The Best and Worst U.S. States for Living with Cerebral Palsy

Nationwide Cerebral Palsy Resource Network

How does your state stack up when it comes to providing services to assist people with Cerebral Palsy as they seek a fulfilling, productive, healthy and independent life? A recent report from United Cerebral Palsy ranks each state according to a number of factors regarding how the jurisdictions serve residents with Cerebral Palsy.

The report, titled “The Case for Inclusion 2016” provides a snapshot assessment of how the states are doing when it comes to four key outcomes:

states

Analyzing data from multiple sources, the
research team assigned rankings to each of the
50 states and the District of Columbia.
According to the analysis, here is how they rank:

Highest-Ranking States by Category

Although they may not have been ranked at the top overall, some states outperformed all others in each of the five categories in the report. The top-ranking states by category were:

Highest-Ranking States by Category

Lowest-Ranking States by Category

Other states performed particularly poorly in certain areas. The lowest-ranking states in each category were:

Lowest-Ranking States by Category

Factors Considered in Ranking the States

United Cerebral Palsy looked at a number of factors to calculate the rankings for the states. Some of the key metrics used in the study include:

  • Types of housing for people with intellectual and developmental disabilities
  • How many residents live in housing facilities (the fewer the better)
  • Percentage of people with intellectual and developmental disabilities who live in large state institutions (the fewer the better)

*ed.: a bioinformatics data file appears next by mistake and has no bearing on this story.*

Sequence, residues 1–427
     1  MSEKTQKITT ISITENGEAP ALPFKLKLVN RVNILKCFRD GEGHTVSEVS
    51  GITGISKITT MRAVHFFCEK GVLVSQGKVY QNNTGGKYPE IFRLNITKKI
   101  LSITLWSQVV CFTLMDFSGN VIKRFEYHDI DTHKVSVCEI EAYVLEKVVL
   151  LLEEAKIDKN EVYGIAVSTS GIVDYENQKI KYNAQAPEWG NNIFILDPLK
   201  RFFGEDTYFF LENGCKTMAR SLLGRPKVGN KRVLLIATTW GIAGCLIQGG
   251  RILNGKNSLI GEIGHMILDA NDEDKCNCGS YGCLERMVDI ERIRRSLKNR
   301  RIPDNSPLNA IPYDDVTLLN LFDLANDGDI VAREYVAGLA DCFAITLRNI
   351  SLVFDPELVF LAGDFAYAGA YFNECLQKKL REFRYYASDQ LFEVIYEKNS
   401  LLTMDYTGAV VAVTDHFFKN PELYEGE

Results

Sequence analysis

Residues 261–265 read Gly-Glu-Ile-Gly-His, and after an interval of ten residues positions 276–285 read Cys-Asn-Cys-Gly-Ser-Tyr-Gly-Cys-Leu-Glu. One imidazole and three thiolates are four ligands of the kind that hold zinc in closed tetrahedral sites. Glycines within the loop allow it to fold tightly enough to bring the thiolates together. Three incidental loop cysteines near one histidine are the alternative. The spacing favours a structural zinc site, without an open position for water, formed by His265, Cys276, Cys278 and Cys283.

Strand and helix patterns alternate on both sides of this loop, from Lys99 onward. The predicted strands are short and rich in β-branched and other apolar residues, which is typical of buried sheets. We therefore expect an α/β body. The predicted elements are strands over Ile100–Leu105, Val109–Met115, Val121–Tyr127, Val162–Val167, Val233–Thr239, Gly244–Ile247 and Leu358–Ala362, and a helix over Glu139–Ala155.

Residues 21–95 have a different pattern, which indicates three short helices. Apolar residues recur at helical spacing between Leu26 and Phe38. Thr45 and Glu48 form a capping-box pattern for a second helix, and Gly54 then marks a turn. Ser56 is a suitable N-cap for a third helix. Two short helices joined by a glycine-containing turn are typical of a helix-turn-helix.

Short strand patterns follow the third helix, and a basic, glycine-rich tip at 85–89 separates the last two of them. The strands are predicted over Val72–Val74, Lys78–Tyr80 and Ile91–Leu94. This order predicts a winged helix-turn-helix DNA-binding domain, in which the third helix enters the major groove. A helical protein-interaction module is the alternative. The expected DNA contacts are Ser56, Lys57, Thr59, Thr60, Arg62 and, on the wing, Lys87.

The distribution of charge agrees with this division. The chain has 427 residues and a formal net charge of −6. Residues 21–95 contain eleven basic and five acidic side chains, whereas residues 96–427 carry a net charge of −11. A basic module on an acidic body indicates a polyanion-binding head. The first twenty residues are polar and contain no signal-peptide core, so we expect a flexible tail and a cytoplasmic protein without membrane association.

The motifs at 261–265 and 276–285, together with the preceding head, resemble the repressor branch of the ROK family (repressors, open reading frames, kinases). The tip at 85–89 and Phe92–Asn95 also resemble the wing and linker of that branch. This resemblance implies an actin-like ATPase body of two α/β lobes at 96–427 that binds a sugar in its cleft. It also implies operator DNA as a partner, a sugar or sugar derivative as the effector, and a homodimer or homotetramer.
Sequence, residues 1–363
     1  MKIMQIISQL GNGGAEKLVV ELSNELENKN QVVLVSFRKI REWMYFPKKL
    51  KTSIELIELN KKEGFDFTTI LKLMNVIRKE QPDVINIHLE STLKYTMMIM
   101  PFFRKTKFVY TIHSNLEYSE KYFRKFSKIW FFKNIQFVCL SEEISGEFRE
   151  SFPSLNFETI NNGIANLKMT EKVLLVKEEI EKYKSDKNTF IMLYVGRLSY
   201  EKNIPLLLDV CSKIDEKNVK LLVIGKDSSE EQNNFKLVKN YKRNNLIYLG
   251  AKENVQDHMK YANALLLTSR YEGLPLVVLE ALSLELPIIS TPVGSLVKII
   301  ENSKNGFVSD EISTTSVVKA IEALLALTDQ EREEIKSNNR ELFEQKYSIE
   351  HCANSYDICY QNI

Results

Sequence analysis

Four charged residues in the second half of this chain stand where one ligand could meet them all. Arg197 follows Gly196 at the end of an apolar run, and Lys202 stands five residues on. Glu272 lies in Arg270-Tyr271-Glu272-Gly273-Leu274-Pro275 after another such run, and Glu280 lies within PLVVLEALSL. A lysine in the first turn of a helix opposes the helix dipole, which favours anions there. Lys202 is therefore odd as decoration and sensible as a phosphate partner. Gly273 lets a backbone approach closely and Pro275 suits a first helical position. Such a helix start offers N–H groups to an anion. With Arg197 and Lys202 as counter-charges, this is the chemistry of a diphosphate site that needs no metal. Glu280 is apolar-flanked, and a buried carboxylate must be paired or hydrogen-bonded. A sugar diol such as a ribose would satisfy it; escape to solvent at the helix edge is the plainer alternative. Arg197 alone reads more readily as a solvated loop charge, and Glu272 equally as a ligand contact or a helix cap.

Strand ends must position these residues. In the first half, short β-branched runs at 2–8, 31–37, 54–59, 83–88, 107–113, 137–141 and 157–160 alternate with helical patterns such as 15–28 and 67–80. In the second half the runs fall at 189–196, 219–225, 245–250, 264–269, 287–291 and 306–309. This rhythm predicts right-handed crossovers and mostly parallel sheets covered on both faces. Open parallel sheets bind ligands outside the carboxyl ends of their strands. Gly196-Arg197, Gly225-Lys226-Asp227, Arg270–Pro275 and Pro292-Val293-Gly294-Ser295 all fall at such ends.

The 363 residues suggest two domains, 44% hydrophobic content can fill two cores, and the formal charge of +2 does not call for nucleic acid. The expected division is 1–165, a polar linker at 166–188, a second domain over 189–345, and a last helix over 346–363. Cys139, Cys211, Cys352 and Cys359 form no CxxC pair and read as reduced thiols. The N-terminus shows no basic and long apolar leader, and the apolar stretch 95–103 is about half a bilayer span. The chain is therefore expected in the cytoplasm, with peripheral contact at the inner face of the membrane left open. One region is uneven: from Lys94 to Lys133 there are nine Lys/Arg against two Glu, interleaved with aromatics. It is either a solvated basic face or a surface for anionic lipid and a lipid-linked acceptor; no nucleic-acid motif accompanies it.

• Percentage of people with intellectual and developmental disabilities who live in a family home (the more the better)
  • Number of people with intellectual and developmental disabilities who report feeling lonely less than half the time
  • Number of people with intellectual and developmental disabilities who had a recent dental appointment
  • Number of people with intellectual and developmental disabilities who report not feeling scared in their home
  • Number of people with intellectual and developmental disabilities who report having relationships with people other than staff and family
  • Percentage of people with intellectual and developmental disabilities who are employed
  • Vocational rehabilitation rate (number of participants who find a job)
  • Number of hours worked per participant in vocational rehabilitation
  • Number of participants in vocational rehabilitation who kept a job for at least a year
  • Percentage of people with intellectual and developmental disabilities who receive home and community-based services
  • Average growth of waiting list for residential and home and community-based services for people with intellectual and developmental disabilities
  • Number of individuals with intellectual and developmental disabilities served per 100,000 population

DISCLAIMER: WHEN ‘FEWER THE BETTER’ IS USED, THIS MEANS MORE ATTENTION IS AVAILABLE AND PROBLEMS ASSOCIATED WITH OVER-CROWDING ARE NOT AS PREVALENT

Changes in Rankings

Since the organization began compiling the report in 2007, some states have made significant improvements, while others have fallen in the rankings. Here are some of the biggest movers during the past decade:

MOST IMPROVED

2007-2016

 2016 Ranking2007 RankingChange
1. District of Columbia7th49th42
2. Missouri8th41th33
3. Ohio16th48th32
4. Maryland10th33rd23
5. Kentucky19th40th21
6. Indiana20th37th17
7. South Dakota9th26th17

GREATEST DECLINE

2007-2016

 2016 Ranking2007 RankingChange
1. Idaho16th29th-17
2. West Virginia39th25th-17
3. Connecticut37th22th-21
4. Massachusetts22nd6th-22
5. Wyoming36th19th-26
6. New Mexico38th18th-27
7. Alaska23rd2nd-28
8. Montana29th8th-29

 

 

 

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